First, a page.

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As a Public Sector Branch Chief, How Can You Ensure Java Security?

We have a new resource for Branch Chiefs available for free download called “The Branch Chief’s Guide to Java Security.” This blog explains why you need it and how to get it.

Are you an expert in Java security already? Do you know all you need to know about keeping your agency’s Java estate safe from cyber attacks? If so, good for you! Then you don’t need this blog.

Too Much, Too Often, Too Busy

But of course, technology is technology, and in today’s IT world, everything is related. So if you’re an expert in Java, that must also mean you’re an expert in Python, a fundamental scripting language which, as a Branch Chief, you know is used by Google and NASA, among many others, primarily for experimentation while Java is primarily for production.

As a Branch Chief, you must also be expert in Ruby and Ruby on Rails because this is where much of your web development is done.

And you must also be expert in JavaScript, used for building your agency’s front-end website.

And expert in C, a core language which is best for OSes and AI; and in C++, typically used for search engines and operating systems; and in C# for backend programming; and in PHP for web applications; and in SQL for databases; and in Objective-C for creating Apple apps; and in PowerShell and Bash for coding Windows and Linux-based computing systems.

The list goes on—and that’s just programming languages. Looking at the IT landscape as a whole, the number and variety of technologies you must be an expert in to fulfill your mission, multiplied by their interconnections, and then multiplied again by the velocity of change, is mind-boggling. It’s simply not possible.

Of course, you can’t be an expert in every technology.

Everyone needs a little help from their specialist friends.

Customer Service Is the Mission, but Data Security Is the Law

And what is your mission exactly? According to an Executive Order from President Biden, the current policy priority is “transforming federal customer experience and service delivery to rebuild trust in government.”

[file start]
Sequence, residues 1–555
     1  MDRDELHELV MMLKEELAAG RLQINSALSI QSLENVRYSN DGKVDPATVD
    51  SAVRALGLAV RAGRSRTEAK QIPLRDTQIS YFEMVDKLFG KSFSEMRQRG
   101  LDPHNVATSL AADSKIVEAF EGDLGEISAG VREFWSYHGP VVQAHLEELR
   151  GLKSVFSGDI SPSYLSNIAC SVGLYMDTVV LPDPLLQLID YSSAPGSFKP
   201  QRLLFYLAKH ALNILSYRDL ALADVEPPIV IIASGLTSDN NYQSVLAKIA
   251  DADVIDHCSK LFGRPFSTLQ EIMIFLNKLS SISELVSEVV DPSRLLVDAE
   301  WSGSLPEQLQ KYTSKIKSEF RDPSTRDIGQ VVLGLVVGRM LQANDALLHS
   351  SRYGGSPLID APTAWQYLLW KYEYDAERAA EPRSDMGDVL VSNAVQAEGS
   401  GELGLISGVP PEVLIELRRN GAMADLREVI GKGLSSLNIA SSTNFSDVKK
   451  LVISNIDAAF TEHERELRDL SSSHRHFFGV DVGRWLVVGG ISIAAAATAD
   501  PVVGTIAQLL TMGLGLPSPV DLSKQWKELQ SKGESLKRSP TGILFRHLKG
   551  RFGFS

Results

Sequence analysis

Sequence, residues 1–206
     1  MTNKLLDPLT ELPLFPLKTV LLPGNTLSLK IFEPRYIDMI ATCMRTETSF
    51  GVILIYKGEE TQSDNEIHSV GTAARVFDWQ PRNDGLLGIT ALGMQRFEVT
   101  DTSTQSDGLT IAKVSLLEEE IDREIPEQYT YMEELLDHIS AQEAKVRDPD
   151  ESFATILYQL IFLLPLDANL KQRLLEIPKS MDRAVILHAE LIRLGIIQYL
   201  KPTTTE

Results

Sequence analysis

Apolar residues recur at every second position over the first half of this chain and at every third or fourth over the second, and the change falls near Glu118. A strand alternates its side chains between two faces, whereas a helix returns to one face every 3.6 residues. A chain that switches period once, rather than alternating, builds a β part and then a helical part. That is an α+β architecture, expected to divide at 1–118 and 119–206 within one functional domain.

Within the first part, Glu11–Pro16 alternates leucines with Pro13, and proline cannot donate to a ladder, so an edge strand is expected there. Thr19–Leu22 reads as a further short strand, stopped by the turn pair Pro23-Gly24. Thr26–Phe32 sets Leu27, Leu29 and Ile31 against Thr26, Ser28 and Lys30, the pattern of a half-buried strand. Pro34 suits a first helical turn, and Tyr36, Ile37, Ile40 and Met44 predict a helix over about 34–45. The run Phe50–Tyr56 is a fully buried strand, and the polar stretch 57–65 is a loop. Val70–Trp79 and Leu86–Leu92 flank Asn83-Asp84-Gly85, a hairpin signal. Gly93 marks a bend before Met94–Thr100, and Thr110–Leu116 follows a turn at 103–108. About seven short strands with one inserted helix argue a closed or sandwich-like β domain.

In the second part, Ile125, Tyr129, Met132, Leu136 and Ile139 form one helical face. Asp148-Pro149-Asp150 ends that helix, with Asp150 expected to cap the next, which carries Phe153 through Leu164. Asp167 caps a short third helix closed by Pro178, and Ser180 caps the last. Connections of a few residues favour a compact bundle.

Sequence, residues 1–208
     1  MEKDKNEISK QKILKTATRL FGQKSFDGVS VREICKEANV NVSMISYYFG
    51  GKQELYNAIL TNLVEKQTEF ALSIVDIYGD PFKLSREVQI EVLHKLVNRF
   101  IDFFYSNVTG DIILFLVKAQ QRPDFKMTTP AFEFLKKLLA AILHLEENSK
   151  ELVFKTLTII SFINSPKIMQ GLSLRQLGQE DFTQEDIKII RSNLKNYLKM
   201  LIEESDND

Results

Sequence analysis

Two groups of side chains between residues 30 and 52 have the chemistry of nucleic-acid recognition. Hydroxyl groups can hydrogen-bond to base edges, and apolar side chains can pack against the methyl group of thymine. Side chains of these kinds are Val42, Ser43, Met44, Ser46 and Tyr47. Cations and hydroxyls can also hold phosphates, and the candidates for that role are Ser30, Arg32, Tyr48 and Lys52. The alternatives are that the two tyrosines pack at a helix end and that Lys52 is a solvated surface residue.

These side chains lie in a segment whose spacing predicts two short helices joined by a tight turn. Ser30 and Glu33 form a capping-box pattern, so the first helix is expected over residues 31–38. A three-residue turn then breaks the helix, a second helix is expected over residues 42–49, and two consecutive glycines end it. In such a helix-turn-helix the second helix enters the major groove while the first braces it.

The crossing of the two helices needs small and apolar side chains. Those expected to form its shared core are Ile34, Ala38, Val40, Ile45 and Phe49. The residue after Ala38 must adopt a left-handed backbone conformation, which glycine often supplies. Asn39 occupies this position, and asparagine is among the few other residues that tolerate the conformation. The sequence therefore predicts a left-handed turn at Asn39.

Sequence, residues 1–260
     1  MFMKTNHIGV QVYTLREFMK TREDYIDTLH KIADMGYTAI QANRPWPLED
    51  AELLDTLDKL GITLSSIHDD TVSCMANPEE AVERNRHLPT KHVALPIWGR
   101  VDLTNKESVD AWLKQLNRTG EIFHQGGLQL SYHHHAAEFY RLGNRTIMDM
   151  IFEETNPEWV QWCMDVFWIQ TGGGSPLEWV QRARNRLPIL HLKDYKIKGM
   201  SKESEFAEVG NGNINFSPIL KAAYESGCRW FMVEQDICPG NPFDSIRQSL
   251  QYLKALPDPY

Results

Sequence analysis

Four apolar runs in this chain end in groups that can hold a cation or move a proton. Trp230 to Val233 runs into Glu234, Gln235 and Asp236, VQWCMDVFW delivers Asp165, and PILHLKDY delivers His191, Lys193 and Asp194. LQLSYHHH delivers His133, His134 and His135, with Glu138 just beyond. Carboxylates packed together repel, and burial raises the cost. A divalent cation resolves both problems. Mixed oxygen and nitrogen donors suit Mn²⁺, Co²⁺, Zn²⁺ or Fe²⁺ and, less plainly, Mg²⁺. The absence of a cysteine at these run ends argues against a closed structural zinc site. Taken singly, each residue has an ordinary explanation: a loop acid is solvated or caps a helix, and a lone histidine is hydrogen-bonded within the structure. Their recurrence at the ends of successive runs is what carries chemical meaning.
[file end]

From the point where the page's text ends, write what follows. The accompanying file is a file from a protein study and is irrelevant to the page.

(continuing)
Technology is key to your ability to support the mission of transforming customer experience. At the same time, you must ensure the security of all this technology—that’s the law.

The Federal Information Security Management Act (FISMA) makes agency heads responsible for maintaining protections commensurate with the risk of harm of a compromise. In practice, this responsibility falls on your shoulders—i.e., the Branch Chiefs who are responsible for mission-enabling IT.

You’re Constantly Under Cyberattack

The responsibility on your shoulders is magnified because we are in a state of attack on the IT front.

Cyber attackers launched nearly 31,000 attacks in 2020 against federal agencies, an average of 84 a day, as shown to the left[1]. Hackers are trying to sniff out vulnerabilities in every corner of your IT estate 24×7.

And last December they found a big one: the Log4j vulnerability.

Log4j Is One of the Worst Security Vulnerabilities Ever

What makes the Log4j vulnerability so dangerous is that 1) Java is everywhere; 2) Log4j, while not part of the Java code, is a simple-to-use, open-source logging library that’s been deployed in possibly billions of devices, enterprise applications, and cloud services; 3) the Log4j code is buried in layers of code and not always easy to find (in order to remediate the issue); and 4) Log4j is very easy to exploit remotely just by entering a single line of code.

“The log4j vulnerability is the most serious vulnerability I have seen in my decades-long career.”

  • Jen Easterly, security director, U.S. Cybersecurity and Infrastructure Security Agency [2]

You Need Expert Help to Master This Challenge

Again, if you’re a Java expert and confident in your encyclopedic knowledge, go forward and defeat Log4j with our blessing.

But, if you’re like most Branch Chiefs, you could use a little help from your expert friends as you face the bewildering array of technologies for which you are responsible.

The U.S. Transportation Command Trusts Azul for Secure Java

The United States Transportation Command (USTRANSCOM) needed a little help from the Java experts in 2020 when they decided to replace Oracle Java SE with Azul Zulu builds of OpenJDK.

USTRANSCOM chose Azul over other OpenJDK commercial offerings based on Azul’s substantially lower Java support costs, superior security offerings, and better service SLAs and support response times.

USTRANSCOM is a unified, functional combatant command which provides support to the other ten U.S. combatant commands, the military services, defense agencies, and other government organizations. Composed of three service component commands—the Air Force’s Air Mobility Command, the Navy’s Military Sealift Command, and the Army’s Surface Deployment and Distribution Command—USTRANSCOM coordinates missions worldwide using both military and commercial transportation resources.

Clearly, Azul has an extensive footprint and deep expertise in Java as used in highly sensitive government applications. In addition to USTRANSCOM, Azul public-sector customers include the Department of the Interior, the Federal Reserve System, and US Courts.

A Free Guide to Java Security

The Java experts at Azul have created a free guide to help you with Java security, with a focus on the Log4j vulnerability.

Download “The Branch Chief’s Guide to Java Security” here.

This guide provides best practices from the Java experts as a starting point for not only defeating Log4j and other adversaries in the cyber war, but also for improving the overall security of your Java estate.

Sources

  1. https://iq.govwin.com/neo/marketAnalysis/view/OMB-Cybersecurity-Metrics-Show-Agencies-Struggle-to-Report-Effectively/5951?researchTypeId=1
  2. https://www.washingtonpost.com/technology/2021/12/20/log4j-hack-vulnerability-java/